Kinetics of Polychlorinated Biphenyl Biodegradation Using Biofilm Grown on Biphenyl

https://doi.org/10.22146/ajche.50153

Josephine Borja(1*), Joseph Auresenia(2), Susan M. Gallardo(3)

(1) AsianRegional Research Programme on Environmenta17echnology (ARRPET) National Research Institute on Industrial and Hazardous Wastes DeLa Salle University-Manila, 2401 TaltAve., Manila 1007PHILIPPINES
(2) AsianRegional Research Programme on Environmenta17echnology (ARRPET) National Research Institute on Industrial and Hazardous Wastes DeLa Salle University-Manila, 2401 TaltAve., Manila 1007PHILIPPINES
(3) AsianRegional Research Programme on Environmenta17echnology (ARRPET) National Research Institute on Industrial and Hazardous Wastes DeLa Salle University-Manila, 2401 TaltAve., Manila 1007PHILIPPINES
(*) Corresponding Author

Abstract


The kinetics of polychlorinated biphenyl (PCB) degradation in a completely mixed three-phase fluidized-bed biofilm reactor was studied using an initial PCB concentration of 40 ppm. The mixed-culture biofilm grown on cement balls was gradually acclimatized to PCBs prior to the experimental runs. The time course of PCB concentration was monitored and the data obtained were fitted to first, second, and third order rate equations. Analysis of data was based on the assumptions that the PCB concentration was rate limiting and the mixed liquor volatile solids (MLVS) represents the active biomass. Linear regression analysis conducted for the 11 experimental runs show that PCB degradation does not follow first order kinetics. The best fit was obtained for second order in the first six runs when the overall PCB degradation was 80-85% (8-6 ppm final concentration). When the overall degradation increased to 89-92% (4-3 ppm final concentration) from run 7 onwards, the third order gave the best fit. The improved performance of the biofilm to degrade PCBs resulted in a kinetic rate pattern, which shifted from second to third order as the concentration of the PCBs dropped. The rate of PCB degradation was influenced by the presence of mixed culture whose combined attack on and long contact with PCBs resulted in PCB degradation that progressed from one batch to the next.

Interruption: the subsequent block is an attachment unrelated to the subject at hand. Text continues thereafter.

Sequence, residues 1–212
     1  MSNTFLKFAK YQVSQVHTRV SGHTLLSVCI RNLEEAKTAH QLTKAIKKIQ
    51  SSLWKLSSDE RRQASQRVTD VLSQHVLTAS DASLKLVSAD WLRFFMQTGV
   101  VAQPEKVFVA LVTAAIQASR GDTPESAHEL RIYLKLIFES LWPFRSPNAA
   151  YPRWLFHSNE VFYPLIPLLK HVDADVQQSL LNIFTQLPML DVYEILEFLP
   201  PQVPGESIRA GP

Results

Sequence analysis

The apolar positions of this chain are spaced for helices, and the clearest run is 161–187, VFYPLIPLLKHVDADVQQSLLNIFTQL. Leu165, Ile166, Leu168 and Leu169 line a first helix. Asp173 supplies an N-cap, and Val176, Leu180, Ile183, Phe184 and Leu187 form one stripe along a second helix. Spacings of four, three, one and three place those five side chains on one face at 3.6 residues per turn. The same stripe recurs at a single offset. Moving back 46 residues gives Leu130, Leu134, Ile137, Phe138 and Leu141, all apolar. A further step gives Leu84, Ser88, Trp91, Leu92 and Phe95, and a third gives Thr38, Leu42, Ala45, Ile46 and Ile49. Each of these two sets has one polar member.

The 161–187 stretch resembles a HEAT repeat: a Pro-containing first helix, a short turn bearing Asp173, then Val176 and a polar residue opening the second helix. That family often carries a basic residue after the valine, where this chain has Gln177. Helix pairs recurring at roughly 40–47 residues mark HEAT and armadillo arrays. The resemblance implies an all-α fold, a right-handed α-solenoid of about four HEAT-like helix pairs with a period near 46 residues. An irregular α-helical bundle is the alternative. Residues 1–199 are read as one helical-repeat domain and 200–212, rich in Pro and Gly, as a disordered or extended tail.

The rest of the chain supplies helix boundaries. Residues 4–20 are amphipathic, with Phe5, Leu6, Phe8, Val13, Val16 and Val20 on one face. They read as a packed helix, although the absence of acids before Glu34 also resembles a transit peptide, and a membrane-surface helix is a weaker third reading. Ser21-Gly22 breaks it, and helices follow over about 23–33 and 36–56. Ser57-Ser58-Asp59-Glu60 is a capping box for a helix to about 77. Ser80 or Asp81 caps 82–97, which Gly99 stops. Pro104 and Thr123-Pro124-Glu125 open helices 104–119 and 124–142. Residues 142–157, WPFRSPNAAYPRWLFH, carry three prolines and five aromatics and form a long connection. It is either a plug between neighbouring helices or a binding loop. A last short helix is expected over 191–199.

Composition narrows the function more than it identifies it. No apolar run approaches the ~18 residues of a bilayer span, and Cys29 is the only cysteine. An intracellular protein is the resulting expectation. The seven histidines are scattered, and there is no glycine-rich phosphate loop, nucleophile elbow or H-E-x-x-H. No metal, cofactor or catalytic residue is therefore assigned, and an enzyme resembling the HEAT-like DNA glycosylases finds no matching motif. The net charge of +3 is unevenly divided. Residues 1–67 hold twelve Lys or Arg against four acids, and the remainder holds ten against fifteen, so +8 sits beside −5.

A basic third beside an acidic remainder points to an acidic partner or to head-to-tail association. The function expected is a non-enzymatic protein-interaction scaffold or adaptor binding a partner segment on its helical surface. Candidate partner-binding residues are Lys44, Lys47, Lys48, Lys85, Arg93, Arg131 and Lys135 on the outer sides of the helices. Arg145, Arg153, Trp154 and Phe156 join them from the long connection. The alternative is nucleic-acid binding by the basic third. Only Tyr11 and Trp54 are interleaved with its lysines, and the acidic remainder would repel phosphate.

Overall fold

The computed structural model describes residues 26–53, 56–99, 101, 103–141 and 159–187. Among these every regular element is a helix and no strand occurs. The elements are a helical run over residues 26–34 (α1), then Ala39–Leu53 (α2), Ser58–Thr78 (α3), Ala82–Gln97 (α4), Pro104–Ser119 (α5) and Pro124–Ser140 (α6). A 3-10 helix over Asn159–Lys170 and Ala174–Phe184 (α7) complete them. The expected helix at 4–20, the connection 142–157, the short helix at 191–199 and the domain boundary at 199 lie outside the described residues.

Keywords


Acclimatization, biofilm, degradation rate, kinetics, polychlorinated biphenyls (PCB),and three-phase fluidized-bed reactor.



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DOI: https://doi.org/10.22146/ajche.50153

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